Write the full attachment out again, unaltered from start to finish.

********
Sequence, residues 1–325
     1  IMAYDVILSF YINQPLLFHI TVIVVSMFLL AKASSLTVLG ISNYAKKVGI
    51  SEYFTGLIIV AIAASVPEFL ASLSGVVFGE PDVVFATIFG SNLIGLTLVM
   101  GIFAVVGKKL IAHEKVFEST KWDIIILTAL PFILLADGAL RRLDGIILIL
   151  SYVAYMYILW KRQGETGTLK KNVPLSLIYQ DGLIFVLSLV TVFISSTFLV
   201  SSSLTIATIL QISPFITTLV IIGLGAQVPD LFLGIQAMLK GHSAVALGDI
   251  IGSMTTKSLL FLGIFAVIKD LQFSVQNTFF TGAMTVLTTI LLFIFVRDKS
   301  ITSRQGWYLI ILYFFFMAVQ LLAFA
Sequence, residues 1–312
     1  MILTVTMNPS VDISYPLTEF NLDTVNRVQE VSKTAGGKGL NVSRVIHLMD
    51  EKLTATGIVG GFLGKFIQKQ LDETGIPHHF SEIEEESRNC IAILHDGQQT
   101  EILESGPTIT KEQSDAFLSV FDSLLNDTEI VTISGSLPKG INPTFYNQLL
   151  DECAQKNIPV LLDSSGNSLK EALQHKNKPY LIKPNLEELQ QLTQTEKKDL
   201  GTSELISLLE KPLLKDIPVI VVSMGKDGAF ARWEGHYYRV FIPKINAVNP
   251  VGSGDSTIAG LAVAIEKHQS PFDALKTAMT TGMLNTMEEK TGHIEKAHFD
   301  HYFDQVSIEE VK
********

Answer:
Sequence, residues 1–325
     1  IMAYDVILSF YINQPLLFHI TVIVVSMFLL AKASSLTVLG ISNYAKKVGI
    51  SEYFTGLIIV AIAASVPEFL ASLSGVVFGE PDVVFATIFG SNLIGLTLVM
   101  GIFAVVGKKL IAHEKVFEST KWDIIILTAL PFILLADGAL RRLDGIILIL
   151  SYVAYMYILW KRQGETGTLK KNVPLSLIYQ DGLIFVLSLV TVFISSTFLV
   201  SSSLTIATIL QISPFITTLV IIGLGAQVPD LFLGIQAMLK GHSAVALGDI
   251  IGSMTTKSLL FLGIFAVIKD LQFSVQNTFF TGAMTVLTTI LLFIFVRDKS
   301  ITSRQGWYLI ILYFFFMAVQ LLAFA
Sequence, residues 1–312
     1  MILTVTMNPS VDISYPLTEF NLDTVNRVQE VSKTAGGKGL NVSRVIHLMD
    51  EKLTATGIVG GFLGKFIQKQ LDETGIPHHF SEIEEESRNC IAILHDGQQT
   101  EILESGPTIT KEQSDAFLSV FDSLLNDTEI VTISGSLPKG INPTFYNQLL
   151  DECAQKNIPV LLDSSGNSLK EALQHKNKPY LIKPNLEELQ QLTQTEKKDL
   201  GTSELISLLE KPLLKDIPVI VVSMGKDGAF ARWEGHYYRV FIPKINAVNP
   251  VGSGDSTIAG LAVAIEKHQS PFDALKTAMT TGMLNTMEEK TGHIEKAHFD
   301  HYFDQVSIEE VK